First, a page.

Many years ago, as a student, I remember listening to one of my wildlife professors lecturing our class about some of the animals he had worked with in the arid regions of Africa. He showed us a picture of an Oryx antelope. This critter has long sharp horns, weighs about 400 pounds and looks as if he just came out of a Dr. Seuss book.
The professor said that it was possible for this animal to live out its life without having to drink “free” or standing water. It survives by the modifying its habits during the day and utilizing the moisture it obtains from the vegetation it consums. Although severe droughts took a heavy toll on the young oryx and reduced their reproductive success, I found it rather amazing that the adults could live under such conditions. Not too many years later I found myself working with a project that was raising this same kind of animal in large fenced areas as part of an endangered species propagation test program. I found that what I had been told was true. The Oryx were very efficient when it came to water, but on a hot dry summer day they went to the water trough and drank like all the other species.Now I can hear you thinking, “What in the world does this have to do with quail”? Let me explain. As I talk to people from West Texas to Florida about quail, one question that comes up often is, “Do my birds really need supplemental water? After all not every animal does.” Let’s wade through a few ideas concerning water and quail.
How do quail obtain water?
Quail come fresh out of the box, or rather the egg, with a neat software package that equips them with a host of instinctive behaviors, one of which is to peck. Using this pecking instinct, quail ingest the early morning dew or rain droplets clinging to vegetation to get moisture during the spring and fall. During the hot summer months of lower humidity, quail obtain moisture from insects or any available fruits such as berries.
What about special seasonal water needs?
Over the years of watching quail use our Base Camp waterers, I have seen many seasonal fluctuations. As winter weather arrives in the southeast I always observe a drastic reduction in the use of water. Sometimes we will even remove the waterer during winter and replace it with an extra feeder, but this is not true in the drier regions. I had a man call me from Arizona recently. He told me that his Gambel’s quail use the waterer throughout the year.
As the weather warms up in late spring, I noticed that water use picks up. The quail will use the waterer (and supplemental feed) heavily until the blackberries become ripe. If rain has been sufficient, by late spring the insect bloom and plant buds will provide alternate sources of moisture and feed.
When I was using remote video cameras to watch summer activity at my Base Camps, I noticed that hens were using the waterer a lot more often than roosters. That makes sense when you think about it. A quail egg is eighty- percent water so the moisture demand on a nesting hen is much higher.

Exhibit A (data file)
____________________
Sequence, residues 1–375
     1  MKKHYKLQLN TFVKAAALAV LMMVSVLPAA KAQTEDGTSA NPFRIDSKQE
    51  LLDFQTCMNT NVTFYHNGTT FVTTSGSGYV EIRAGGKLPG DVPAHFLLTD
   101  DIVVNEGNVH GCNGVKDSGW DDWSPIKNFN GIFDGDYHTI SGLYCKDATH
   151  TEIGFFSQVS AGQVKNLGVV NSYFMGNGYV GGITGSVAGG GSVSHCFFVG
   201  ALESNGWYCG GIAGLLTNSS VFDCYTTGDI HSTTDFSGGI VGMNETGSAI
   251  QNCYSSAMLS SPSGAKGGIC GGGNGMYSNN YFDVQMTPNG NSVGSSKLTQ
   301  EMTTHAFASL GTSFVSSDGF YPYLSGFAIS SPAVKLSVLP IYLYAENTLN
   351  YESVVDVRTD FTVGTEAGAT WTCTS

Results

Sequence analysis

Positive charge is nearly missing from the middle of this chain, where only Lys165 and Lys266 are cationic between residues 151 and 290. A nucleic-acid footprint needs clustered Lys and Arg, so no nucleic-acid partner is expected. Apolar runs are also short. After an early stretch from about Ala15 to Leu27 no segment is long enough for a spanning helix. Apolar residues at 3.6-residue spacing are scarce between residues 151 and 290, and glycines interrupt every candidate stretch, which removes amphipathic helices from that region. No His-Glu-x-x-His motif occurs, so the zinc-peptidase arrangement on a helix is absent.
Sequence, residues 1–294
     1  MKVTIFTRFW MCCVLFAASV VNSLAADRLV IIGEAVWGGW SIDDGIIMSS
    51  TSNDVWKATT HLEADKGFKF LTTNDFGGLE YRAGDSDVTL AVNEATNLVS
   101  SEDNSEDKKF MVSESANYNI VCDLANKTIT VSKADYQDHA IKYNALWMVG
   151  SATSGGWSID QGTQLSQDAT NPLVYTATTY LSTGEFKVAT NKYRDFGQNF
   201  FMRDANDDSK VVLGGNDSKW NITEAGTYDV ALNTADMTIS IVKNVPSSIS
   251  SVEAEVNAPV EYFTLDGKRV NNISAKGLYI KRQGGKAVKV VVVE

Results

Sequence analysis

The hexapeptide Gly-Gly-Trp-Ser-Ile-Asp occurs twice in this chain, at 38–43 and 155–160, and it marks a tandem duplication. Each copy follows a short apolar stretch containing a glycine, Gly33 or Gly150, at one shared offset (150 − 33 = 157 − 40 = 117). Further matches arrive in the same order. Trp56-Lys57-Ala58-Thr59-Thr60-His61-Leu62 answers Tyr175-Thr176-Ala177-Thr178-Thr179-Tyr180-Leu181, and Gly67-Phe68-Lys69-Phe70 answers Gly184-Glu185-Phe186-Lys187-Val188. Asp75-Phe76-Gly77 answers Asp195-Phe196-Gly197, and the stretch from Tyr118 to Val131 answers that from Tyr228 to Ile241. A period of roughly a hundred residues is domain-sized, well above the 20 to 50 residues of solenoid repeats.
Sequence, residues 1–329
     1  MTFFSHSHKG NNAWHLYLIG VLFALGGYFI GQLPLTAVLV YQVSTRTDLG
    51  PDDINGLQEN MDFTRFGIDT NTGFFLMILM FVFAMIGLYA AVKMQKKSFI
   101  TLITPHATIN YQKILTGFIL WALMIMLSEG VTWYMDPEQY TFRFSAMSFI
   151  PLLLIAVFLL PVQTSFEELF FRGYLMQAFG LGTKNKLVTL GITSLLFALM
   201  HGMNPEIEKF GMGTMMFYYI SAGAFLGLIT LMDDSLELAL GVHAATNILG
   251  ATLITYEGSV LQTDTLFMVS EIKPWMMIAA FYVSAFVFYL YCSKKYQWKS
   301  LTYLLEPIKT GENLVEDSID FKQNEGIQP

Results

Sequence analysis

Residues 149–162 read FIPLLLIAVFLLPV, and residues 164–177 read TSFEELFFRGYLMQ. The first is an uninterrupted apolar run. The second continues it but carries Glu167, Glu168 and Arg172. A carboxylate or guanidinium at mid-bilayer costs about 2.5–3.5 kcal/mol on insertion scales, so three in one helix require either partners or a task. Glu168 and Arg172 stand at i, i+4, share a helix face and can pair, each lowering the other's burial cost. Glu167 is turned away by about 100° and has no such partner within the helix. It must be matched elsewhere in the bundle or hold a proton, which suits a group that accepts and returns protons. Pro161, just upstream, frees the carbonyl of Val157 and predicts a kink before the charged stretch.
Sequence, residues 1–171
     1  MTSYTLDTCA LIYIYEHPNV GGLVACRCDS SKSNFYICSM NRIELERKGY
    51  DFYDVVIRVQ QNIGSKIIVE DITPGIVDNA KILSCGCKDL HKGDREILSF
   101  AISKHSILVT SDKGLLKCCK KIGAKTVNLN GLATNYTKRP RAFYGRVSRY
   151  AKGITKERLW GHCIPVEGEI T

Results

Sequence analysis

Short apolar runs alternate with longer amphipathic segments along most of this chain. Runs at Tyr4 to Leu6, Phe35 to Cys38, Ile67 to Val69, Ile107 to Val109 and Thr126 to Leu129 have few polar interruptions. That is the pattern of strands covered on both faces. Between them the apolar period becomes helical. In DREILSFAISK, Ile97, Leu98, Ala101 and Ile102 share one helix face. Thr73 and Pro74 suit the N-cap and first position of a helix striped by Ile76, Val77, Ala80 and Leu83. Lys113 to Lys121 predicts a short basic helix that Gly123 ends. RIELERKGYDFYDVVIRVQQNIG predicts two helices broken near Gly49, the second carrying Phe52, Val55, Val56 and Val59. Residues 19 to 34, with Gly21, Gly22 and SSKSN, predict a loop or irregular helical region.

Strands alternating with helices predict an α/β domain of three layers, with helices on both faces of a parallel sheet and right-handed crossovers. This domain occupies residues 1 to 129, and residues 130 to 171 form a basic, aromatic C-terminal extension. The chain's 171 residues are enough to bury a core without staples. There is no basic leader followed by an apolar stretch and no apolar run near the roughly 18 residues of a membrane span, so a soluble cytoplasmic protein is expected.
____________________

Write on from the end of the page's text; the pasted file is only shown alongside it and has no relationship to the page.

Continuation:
In autumn the water quail need can vary greatly. In 2003 it was wet in my area. Even though the demand for water increased, it was not near what I observed during the previous three drought years. In fact during September and October of 2000, 2001, and 2002 the birds consumed more water than they did feed.
What about droughts?
In extreme conditions such as droughts, quail like other species scramble to find moisture. It is a good idea to do something to help them in their struggle by providing additional water sources. These can include everything from split tires to guzzler tanks. Other devices like the Covey Base Camp provide a nipple watering system.
Each of these methods has advantages and disadvantages. The split tires are cheap but unsightly. Also, they form a great place for mosquitoes to breed. The tires must be refilled often due to evaporation and depletion by other animals.
Guzzler tanks have a larger capacity. Also, they are covered to slow evaporation. However, on the minus side, they are quite expensive.
The third device, a nipple waterer system, has a very moderate price. Being a closed container it too provides little chance for evaporation. Since the only way to access the water is to peck at the nipple, other kinds of animals are excluded from it. The water capacity varies with nipple system you choose, but most are quite adequate to allow for reasonable maintenance. (Our Covey Base Camp waterer holds about 3 gallons.)
Whatever method you choose to help quail get water remember to conceal it near some briars or other brush. No bird should die trying to wet his whistle.
Streams and Ponds
Some people believe supplemental water is not needed because they have a pond or stream on their land. The researchers that I have spoken with, whose job it is to radio track quail year-round, tell me they have not observed a noticeable shift in a quails home range in order to be close to a water source. So even if you have a pond or drain, don’t count on every quail taking a hike just to get a drink. It’s always better to have a reliable source of water located within the quail’s range.
This is all just common sense. Unfortunately, all too often we view the landscape as a garden of Eden instead of the battlefield it really is. Water is one of the necessities of life. Everything needs it and the more available it is the better.
Quail need water to maintain their basic body requirements, to digest their feed, and to obtain maximum reproductive output. The stress caused by a limited supply of water may not kill the bird, but will definitely be a drag anchor. Remember the example with which I began. The Oryx can survive with limited water but he may not thrive with limited water. So whether you use a split tire, a guzzler, or a nipple waterer, don’t let your quail be stuck in a “dry county” if you can help it.